Companies go to great lengths to lock us out from our own stuff.
One of the contradictions of our age is that while the Internet increasingly makes all kinds of information available, many devices and services are increasingly including less accessibility as a feature. For every Wikipedia that you can edit, there are a thousand devices and appliances that are manufactured to discourage tampering. We like to think the world is becoming an open access and open content nirvana with information available to all, but the reality is that more and more knowledge is hiding behind paywalls and similar closed access barriers (and even super closed access channels, which make info available only through limited or hidden outlets).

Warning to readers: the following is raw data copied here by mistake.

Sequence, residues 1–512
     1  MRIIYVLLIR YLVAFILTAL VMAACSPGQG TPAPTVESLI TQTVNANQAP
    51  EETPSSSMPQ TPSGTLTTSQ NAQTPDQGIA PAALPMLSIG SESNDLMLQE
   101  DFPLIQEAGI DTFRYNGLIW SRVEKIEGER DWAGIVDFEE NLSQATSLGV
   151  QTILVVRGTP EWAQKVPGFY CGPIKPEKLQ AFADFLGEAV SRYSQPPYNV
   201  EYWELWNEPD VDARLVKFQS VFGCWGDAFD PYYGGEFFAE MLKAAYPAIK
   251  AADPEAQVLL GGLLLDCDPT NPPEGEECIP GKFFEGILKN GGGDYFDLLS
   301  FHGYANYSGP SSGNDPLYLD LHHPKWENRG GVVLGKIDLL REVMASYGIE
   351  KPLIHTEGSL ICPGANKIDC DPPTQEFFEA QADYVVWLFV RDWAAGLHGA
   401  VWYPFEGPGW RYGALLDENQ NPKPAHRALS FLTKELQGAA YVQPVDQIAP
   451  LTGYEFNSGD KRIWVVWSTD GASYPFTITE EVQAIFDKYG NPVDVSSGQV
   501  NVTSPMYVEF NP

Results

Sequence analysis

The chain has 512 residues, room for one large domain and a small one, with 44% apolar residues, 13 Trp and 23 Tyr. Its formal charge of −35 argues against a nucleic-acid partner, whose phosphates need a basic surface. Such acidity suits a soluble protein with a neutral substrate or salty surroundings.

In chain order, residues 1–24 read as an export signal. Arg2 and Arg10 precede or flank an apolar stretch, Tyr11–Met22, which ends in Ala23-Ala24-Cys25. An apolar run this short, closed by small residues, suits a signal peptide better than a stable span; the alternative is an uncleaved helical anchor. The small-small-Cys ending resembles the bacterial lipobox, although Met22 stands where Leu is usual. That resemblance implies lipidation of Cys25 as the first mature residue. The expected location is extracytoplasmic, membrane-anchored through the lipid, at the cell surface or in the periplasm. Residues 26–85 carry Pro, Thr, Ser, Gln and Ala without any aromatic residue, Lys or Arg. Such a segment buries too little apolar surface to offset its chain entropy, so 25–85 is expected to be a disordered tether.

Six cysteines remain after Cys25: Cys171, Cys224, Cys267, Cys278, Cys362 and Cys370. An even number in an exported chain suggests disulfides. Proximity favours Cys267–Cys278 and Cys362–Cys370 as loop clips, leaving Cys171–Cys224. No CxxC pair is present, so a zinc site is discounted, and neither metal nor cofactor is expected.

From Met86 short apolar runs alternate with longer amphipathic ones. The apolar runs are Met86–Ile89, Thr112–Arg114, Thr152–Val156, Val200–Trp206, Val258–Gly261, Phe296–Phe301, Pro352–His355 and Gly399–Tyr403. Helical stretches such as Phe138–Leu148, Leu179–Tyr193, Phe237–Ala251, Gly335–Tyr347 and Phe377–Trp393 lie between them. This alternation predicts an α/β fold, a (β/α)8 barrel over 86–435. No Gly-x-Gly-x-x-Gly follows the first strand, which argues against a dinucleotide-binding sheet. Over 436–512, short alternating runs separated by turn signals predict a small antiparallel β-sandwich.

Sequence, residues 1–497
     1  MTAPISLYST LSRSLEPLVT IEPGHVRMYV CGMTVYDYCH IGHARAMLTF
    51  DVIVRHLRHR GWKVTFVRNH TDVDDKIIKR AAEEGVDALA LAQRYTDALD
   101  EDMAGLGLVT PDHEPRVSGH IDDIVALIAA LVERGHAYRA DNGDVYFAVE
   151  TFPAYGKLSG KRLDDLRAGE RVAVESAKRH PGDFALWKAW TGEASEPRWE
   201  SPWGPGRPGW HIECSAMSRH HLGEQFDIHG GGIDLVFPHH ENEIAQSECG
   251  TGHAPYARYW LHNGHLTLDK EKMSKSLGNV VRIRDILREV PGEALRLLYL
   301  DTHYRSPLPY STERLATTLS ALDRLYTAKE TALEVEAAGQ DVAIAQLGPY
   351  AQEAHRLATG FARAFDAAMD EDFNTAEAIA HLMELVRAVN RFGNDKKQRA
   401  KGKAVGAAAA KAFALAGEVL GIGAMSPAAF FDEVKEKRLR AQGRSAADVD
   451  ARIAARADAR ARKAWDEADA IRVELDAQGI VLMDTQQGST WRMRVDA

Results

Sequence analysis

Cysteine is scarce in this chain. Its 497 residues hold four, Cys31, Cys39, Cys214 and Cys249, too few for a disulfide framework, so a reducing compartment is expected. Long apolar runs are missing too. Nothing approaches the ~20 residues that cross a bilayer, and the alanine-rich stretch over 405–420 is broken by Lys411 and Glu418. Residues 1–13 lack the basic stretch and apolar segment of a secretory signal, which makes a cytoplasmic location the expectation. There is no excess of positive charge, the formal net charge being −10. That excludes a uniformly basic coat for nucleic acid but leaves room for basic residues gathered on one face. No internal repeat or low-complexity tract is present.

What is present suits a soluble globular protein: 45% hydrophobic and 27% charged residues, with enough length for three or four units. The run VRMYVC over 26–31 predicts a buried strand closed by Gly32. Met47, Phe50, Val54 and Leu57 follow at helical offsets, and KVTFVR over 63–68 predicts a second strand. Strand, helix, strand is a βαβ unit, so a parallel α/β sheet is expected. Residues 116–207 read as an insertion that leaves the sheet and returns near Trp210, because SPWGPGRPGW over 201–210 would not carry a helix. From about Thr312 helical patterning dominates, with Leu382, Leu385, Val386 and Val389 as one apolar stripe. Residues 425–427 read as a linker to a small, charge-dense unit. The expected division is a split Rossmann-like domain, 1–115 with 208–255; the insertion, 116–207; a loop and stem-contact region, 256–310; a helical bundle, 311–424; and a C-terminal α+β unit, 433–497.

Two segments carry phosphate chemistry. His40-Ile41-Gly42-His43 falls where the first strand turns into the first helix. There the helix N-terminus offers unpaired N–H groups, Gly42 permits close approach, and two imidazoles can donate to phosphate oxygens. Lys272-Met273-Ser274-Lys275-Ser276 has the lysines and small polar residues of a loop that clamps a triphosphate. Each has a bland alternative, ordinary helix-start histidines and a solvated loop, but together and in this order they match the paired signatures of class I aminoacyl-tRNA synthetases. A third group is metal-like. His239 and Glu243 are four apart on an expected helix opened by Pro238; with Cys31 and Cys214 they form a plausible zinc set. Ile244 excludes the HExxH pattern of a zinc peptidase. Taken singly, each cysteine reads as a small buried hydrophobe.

We live in a renter society where we prefer to pay a monthly fee to use something for a short while and then move on when a new version comes along. Even the stuff we think we own is really not ours, the best example being all those ostensibly purchased e-books that it turns out you actually only rent and that can be undownloaded (that is, yanked from your e-reader) without warning. If this sounds fanciful, note that a few years back Amazon famously deleted George Orwell’s books from customers’ Kindles due to a digital rights management kerfuffle.